God is not locked up in this place, or in any temple of cedar or mahogany, brick or concrete. God's glory is everywhere.

I can't think of any miracle on the face of the earth more profound or more exalted than the human body. There is no computer, no machine, nothing else in nature problem. The king just told me he wants to build a temple. He has an edifice complex we've got to deal with. He has an attack of conscience that says he shouldn't be living in this nice palace while the ark resides in a lowly tent. I said, `That's fine; the Lord is on your side, go right ahead.' But on thinking it over, I wonder if it is such a good idea. I thought I'd call this little staff meeting to discuss the ramifications of this. What do you think?"

There might have ensued considerable discussion about it, weighing the pros and cons. Well, the cons began to loom. They began to look at the history of the situation. Maybe they checked the price of cedar from Lebanon; maybe freight rates on camel caravans were out of line. They had to make a very human decision as to whether or not God would be pleased with such a temple-building venture.

After weighing all the data, I can imagine them praying about it very earnestly and sincerely. "Oh, God, what is the best answer here? What do you want us to do? What should our brother Nathan tell the King about this? He's already told the King to go ahead, that the project has your blessing, but after looking at it in the hot light of this day, we sense that maybe you wouldn't be so pleased with the idea. Help us in this decision, please." And you and I pray like that frequently, don't we, when we have a tough decision to make. I know I do.

Well, at some point, the decision was certainly made, and Nathan may indeed have felt that God had spoken to him, but not before they had examined all the data in a very human discussion on the matter.

So Nathan went back to David and said, "The Lord spoke to me and he said he didn't want a temple. The Lord said, `From the time I brought the nation of Israel out of Egypt up to the present, I have lived in no house; I have been traveling about in a tent for a dwelling. Yet, at any point in my journeying with the whole nation of Israel, did I ever say a word to any one of the tribes of Israel about building me a cedar temple?"'

In other words, Nathan hears the Lord telling him he doesn't need a temple. He's getting along fine, and, besides, a temple located in one place is not what our religion is all about.

Nathan heard God saying that the building of a temple would be a complete misunderstanding of God's nature and purpose. The significance of the tent or the tabernacle in the wilderness was that it symbolized God's presence with his people wherever they might be. To give God a local habitation, therefore, would be a lapse from the worship of the God who dwells not in houses made with hands but with those who put their trust in God.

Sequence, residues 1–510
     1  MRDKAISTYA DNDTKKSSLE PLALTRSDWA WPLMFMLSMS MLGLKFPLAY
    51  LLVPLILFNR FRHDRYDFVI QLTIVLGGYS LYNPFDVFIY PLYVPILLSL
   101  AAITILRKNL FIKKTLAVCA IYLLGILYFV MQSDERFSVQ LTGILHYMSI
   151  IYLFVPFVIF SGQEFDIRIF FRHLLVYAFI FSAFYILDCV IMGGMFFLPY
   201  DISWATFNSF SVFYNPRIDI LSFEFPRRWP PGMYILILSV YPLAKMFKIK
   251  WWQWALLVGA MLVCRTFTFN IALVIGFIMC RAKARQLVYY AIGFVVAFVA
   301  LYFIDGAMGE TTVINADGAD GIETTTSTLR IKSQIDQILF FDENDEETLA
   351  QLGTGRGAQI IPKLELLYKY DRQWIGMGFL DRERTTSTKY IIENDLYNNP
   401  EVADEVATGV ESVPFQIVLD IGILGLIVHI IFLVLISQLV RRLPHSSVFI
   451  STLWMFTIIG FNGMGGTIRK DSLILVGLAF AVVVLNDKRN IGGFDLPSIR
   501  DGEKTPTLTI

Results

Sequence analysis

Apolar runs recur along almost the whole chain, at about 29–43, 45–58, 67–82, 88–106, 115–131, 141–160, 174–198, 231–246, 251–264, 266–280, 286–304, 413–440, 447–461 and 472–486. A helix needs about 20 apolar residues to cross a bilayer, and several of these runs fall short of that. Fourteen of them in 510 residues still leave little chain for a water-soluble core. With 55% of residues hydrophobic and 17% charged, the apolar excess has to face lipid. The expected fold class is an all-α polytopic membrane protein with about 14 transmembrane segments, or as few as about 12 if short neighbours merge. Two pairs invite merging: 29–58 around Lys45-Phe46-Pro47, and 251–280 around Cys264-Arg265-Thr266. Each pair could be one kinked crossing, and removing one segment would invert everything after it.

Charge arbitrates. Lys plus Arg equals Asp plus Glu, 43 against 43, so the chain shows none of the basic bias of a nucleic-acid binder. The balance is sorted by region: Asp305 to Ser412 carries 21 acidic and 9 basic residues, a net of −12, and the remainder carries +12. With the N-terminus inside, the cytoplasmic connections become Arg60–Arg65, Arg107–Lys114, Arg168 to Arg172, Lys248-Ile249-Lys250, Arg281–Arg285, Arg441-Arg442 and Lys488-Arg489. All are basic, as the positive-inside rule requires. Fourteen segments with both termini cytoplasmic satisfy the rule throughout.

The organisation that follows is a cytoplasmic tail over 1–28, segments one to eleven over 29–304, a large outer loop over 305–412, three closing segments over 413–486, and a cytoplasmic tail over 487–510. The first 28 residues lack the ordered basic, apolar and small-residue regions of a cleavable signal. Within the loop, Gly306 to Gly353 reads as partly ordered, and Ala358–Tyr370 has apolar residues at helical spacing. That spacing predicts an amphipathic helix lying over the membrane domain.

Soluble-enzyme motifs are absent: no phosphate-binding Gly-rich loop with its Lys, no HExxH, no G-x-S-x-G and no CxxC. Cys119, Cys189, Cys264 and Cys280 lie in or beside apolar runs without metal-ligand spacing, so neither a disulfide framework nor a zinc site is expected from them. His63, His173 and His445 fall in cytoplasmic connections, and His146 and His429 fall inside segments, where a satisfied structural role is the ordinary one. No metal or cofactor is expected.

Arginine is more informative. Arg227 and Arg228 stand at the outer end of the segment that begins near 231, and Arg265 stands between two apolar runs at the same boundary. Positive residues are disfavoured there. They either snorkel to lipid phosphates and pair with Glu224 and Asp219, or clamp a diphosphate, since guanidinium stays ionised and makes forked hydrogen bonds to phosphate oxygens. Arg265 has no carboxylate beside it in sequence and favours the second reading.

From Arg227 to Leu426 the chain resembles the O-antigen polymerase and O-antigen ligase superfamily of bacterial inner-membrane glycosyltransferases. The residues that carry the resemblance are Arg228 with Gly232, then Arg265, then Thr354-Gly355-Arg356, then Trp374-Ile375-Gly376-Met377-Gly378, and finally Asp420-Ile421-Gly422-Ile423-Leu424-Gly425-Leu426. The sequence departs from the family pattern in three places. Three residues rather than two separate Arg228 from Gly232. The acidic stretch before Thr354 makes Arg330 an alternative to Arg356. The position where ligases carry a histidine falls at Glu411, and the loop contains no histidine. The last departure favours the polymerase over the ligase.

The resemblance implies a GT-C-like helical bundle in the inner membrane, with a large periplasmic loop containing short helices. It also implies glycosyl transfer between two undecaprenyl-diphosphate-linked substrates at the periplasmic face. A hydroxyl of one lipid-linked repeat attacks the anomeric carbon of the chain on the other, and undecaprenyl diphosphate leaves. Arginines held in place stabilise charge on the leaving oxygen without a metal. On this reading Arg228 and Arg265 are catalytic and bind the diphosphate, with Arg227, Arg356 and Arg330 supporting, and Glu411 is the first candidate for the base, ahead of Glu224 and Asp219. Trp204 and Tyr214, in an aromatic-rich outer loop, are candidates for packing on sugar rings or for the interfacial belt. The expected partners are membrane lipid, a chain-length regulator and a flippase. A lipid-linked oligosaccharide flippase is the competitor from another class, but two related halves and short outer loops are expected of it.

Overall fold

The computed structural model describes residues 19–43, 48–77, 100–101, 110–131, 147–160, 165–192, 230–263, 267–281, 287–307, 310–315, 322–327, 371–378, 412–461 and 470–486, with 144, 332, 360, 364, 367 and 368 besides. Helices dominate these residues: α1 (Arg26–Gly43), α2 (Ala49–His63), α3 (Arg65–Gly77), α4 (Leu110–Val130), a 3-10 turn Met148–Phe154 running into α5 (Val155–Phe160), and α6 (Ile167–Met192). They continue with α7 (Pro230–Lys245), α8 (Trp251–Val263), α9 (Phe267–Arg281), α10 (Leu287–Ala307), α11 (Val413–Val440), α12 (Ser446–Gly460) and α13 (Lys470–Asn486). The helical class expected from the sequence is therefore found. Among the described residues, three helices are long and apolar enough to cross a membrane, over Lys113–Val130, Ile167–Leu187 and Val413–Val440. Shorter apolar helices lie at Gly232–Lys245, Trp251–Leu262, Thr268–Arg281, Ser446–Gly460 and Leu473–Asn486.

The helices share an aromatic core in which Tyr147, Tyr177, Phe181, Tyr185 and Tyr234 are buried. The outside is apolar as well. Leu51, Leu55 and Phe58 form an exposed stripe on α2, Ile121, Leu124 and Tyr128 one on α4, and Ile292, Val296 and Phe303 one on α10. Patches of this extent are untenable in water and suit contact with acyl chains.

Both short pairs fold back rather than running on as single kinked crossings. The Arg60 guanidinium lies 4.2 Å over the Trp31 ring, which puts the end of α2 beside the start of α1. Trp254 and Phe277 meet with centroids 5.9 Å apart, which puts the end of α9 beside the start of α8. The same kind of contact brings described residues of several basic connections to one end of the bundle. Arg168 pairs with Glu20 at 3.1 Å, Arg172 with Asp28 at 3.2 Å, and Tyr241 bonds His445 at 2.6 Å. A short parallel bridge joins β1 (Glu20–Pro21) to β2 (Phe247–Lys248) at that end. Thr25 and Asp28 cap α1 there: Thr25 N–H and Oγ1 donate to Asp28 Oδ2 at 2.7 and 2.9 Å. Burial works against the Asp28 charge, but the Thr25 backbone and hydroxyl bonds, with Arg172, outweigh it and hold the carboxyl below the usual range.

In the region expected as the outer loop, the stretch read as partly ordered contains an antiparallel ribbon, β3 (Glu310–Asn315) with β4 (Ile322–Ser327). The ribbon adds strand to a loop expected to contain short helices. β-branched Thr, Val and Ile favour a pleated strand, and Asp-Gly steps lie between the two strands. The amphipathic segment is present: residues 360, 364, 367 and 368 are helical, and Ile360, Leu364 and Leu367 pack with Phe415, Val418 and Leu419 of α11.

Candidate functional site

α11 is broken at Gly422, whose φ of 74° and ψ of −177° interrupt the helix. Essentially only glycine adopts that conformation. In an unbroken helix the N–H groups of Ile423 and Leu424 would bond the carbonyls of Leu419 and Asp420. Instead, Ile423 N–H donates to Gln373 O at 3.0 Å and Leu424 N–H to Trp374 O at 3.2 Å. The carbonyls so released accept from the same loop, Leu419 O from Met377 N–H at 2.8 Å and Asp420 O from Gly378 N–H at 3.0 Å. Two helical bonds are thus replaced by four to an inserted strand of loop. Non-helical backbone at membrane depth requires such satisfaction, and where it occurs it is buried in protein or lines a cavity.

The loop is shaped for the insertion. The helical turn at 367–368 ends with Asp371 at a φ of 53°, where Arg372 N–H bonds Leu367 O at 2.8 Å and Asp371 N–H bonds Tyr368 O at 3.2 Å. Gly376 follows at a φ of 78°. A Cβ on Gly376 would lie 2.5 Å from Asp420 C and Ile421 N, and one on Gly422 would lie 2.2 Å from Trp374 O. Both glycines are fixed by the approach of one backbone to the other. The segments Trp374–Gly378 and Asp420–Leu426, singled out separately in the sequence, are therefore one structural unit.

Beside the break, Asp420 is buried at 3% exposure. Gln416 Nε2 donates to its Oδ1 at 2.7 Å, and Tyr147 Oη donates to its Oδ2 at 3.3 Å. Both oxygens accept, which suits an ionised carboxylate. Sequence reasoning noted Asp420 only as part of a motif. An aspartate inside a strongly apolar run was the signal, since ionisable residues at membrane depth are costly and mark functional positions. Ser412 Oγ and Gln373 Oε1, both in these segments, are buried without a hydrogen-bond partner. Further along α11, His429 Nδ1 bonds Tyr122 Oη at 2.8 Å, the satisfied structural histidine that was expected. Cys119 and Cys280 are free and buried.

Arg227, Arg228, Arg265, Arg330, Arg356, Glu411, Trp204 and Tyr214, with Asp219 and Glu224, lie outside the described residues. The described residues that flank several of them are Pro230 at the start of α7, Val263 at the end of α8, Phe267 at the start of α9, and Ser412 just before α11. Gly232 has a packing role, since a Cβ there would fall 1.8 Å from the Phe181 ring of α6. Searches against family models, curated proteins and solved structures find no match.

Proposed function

We have placed great emphasis on the idea that God is with us wherever we go. As inspirational evidence, we point to that towering thought in Matthew 18:20, "Where two or three are gathered in my name, there am I in the midst of them."

So Nathan says "no" to David. But I'm sure some of you have noted that, later in those verses, Nathan hears the Lord saying, "When your days are fulfilled and you lie down with your fathers, I will raise up your offspring after you (who shall come forth from your body), and I will establish his kingdom. He shall build a house (note the word `house') for my name, and I will establish the throne of his kingdom forever" (meaning David's son Solomon would build the temple, or house of the Lord).

But here is one of those great controversies over the meaning of a word. What does the word "house" mean? It has two meanings—it means a building, but it also means a family. It means a dwelling, but it also means a dynasty.

When we speak of the House of Rothschild, we don't mean the building the Rothschilds live in; we mean a family dynasty. By that definition, the House of the Lord need not mean a temple building in one place, but it could mean the family of God—the household of God's people wherever they may be.

There is a hymn which hindsight tells me I should have requested for this morning. It is "Jesus, where'er thy people meet, There they behold thy mercy seat; Where'er they seek thee, thou art found, And everywhere is hallowed ground."

All of this could lead to the conjecture that maybe there was never supposed to be a temple which localized the presence of God. When the Roman conqueror Pompey pushed his way into the Holy of Holies in the Jewish Temple, he was surprised to find there was nothing there. Of course, there is no way to capture the spirit of God, to be controlled like a genie in a bottle.

Maybe Solomon built that magnificent temple because he read the scripture that said that he, as David's offspring, was to do it, as the mandate of the Lord. There it was in their holy writings, and his father had pointed it out to him: "Son, my prophet that can touch it for its capacity to build its own destiny.

It is a walking, talking, thinking, loving, trusting, healing temple. God could not have conceived such a fabulous phenomenon without putting a great part of God's self within it.

Give your mind and heart the consummate joy of knowing that lifechanging truth. Let every thought you have, every decision you make, every care you perform come out of that powerful truth: That you are the temple of an immanent God. You make that decision now—to carry that humble glory within you now and forever more—a decision you renew every single day. And we, as a household of faith, will rejoice together.

Donald B. Ward (deceased)